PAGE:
Michigan State-led Team Gets $10M Grant to Develop More Resilient Food Systems

A transdisciplinary team of researchers, educators, and extension experts led by Michigan State University in East Lansing has received a $10 million grant from the U.S. Department of Agriculture (USDA) to create more sustainable and equitable food systems in the Midwest and beyond.
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A team of researchers, educators, and extension experts led by Michigan State University has received a $10 million grant from the USDA to create more sustainable and equitable food systems. // Stock photo

A transdisciplinary team of researchers, educators, and extension experts led by Michigan State University in East Lansing has received a $10 million grant from the U.S. Department of Agriculture (USDA) to create more sustainable and equitable food systems in the Midwest and beyond.

The five-year integrated project is funded through the Sustainable Agricultural Systems program of the USDA’s National Institute of Food and Agriculture.

Food systems at the local and regional levels are susceptible to disruptions, which researchers refer to as “shocks.” The COVID-19 pandemic, climate events, and foodborne pathogens are examples of shocks that can cause disturbances in supply chains, ultimately leading to food and nutrition security challenges.

A single supply chain interruption can be difficult to overcome, but shocks often occur simultaneously and without warning. While previous research on this topic has focused on individual supply chain interferences in isolation, the overarching goal of the new effort is to build food systems that are able to withstand several shocks happening concurrently.

The project is led by Brent Ross, associate professor in the MSU Department of Agricultural, Food and Resource Economics, and associate chairperson for undergraduate programs in the MSU College of Agriculture and Natural Resources.

“The frequency of these complex events is only expected to increase over the coming years,” Ross says. “It’s essential to gain a greater understanding of these relationships to improve decision making that allows for disruptions to have as minimal of an impact on food and nutrition security as possible, especially for vulnerable U.S. populations.”

The team has outlined a series of objectives that aim to address the interrelated ways in which shocks affect food systems. Researchers will evaluate characteristics of supply chains that may put them at risk, historical and projected shocks, and mitigation strategies.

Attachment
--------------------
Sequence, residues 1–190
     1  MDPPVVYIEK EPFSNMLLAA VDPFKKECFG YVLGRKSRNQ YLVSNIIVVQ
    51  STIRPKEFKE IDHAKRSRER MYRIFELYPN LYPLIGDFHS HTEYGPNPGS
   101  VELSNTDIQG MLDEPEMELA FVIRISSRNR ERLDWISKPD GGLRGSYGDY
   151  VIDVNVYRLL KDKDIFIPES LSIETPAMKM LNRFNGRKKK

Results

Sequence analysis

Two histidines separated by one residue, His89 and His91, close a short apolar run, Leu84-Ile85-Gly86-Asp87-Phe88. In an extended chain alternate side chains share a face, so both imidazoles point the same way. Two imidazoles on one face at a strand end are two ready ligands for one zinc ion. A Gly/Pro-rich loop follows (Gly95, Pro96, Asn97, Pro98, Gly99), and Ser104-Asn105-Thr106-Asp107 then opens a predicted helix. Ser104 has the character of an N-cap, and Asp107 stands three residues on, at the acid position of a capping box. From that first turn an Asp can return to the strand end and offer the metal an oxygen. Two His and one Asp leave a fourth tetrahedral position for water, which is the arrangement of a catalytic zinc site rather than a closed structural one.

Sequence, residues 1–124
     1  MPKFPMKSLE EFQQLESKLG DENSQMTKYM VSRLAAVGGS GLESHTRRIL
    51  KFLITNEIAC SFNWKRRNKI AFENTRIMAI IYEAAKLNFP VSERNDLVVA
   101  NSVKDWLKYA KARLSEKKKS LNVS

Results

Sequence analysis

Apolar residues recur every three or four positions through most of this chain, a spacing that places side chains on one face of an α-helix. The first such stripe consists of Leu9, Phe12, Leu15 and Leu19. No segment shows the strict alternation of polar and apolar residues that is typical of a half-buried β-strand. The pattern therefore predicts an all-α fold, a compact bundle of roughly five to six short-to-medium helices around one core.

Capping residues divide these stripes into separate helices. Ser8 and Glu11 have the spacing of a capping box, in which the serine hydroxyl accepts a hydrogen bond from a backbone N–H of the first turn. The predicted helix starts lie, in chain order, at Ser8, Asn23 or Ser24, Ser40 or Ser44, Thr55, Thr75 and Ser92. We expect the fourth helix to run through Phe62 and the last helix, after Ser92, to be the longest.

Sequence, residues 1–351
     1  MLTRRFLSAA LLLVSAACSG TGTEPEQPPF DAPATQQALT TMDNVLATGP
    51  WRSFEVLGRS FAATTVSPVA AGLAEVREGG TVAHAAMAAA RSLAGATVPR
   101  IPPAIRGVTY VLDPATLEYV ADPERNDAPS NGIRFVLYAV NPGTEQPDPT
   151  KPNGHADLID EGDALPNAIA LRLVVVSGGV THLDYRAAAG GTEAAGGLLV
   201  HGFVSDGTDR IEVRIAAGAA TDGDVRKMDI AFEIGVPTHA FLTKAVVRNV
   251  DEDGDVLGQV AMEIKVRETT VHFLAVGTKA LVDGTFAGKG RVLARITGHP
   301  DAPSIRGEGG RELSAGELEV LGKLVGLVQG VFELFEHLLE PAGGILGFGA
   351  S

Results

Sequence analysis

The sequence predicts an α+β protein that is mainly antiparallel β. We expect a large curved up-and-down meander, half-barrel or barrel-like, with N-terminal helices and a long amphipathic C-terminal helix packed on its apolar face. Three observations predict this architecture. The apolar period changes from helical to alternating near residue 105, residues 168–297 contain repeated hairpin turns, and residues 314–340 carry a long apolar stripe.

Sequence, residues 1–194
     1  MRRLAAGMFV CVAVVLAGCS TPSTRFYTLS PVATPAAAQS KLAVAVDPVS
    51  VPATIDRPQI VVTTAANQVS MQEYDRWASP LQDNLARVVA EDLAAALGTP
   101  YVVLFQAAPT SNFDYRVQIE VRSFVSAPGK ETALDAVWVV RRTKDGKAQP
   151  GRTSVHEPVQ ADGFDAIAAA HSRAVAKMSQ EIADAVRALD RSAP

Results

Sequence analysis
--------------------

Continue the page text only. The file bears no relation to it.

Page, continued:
Using artificial intelligence and decision-support tools, researchers will model multiple shocks to simulate an assortment of scenarios, factoring in vulnerable populations.

“Our project will initially focus on the Midwest to develop cutting-edge approaches,” says Jianguo (Jack) Liu,  co-principal investigator of the project, Rachel Carson Chair in Sustainability, director of the Center for Systems Integration and Sustainability (CSIS), and University Distinguished Professor in the MSU Department of Fisheries and Wildlife. “We will also train a new generation of transdisciplinary scholars and practitioners so that the innovative approaches can be applied to other regions of the U.S., and even other countries.”

The outcomes will be the basis for education of K-12 to graduate students, as well as outreach and extension resources that target local and regional policymakers, businesses, the agricultural community, and educators. Information will be shared through published papers, in-person and virtual presentations, policy briefs, stakeholder meetings, social media, newsletters, and online extension materials.

“Sustainable, resilient, and equitable food systems are needed in every community, so we appreciate that the USDA has recognized the importance of this project,” Ross says. “Given the great demand for information on this topic, we will work diligently to disseminate our results across a wide range of platforms. That is an essential component of this work, getting resources into the hands of people who can implement it.”

Joining Ross and Liu are MSU researchers, educators, and outreach specialists representing four colleges, and several departments and programs. They are:

  • Bryan Beverly, director of the Office of K-12 Outreach in the College of Education.
  • Nicole Ellefson, specialist in the Office of K-12 Outreach in the College of Education.
  • Kenneth Frank, MSU Foundation Professor in the College of Education.
  • Sue Nichols, assistant director and research communications strategist in CSIS.
  • Andrés Viña, assistant professor in CSIS.
  • Judith Whipple, the interim dean in the Broad College of Business, and the Donald J. Bowersox and Robert W. Thull Professor in Logistics and Supply Chain Management.
  • Julie Winkler, professor in the College of Social Science.
  • Felicia Wu, John A. Hannah Distinguished Professor in Food Safety, Toxicology and Risk Assessment in AFRE and the Department of Food Science and Human Nutrition.

“MSU is uniquely equipped to lead a large, interdisciplinary effort such as this because of our leadership in agricultural sciences, education, sociology, supply chain economics, sustainability and systems integration,” Ross says. “In addition, our partners bring valuable and complementary expertise that helps us capture a variety of perspectives, as well as increase the scale to locations outside of Michigan that may be susceptible to different shocks.”

Partner institutions and organizations are:

  • Indiana University
  • Purdue University
  • North Carolina Agricultural and Technical State University
  • The University of Illinois at Urbana-Champaign
  • The Global Food and Ag Network
  • Mavin Global Company
  • The Michigan Association of Secondary School Principals
  • The USDA Midwest Climate Hub